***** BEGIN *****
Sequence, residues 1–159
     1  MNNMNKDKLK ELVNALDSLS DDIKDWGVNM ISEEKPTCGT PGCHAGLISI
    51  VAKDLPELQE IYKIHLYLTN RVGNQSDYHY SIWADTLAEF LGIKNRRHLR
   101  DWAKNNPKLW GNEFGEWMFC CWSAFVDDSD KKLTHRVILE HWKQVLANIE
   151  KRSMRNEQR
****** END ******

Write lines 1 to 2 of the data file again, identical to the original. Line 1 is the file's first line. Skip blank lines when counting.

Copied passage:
Sequence, residues 1–159
     1  MNNMNKDKLK ELVNALDSLS DDIKDWGVNM ISEEKPTCGT PGCHAGLISI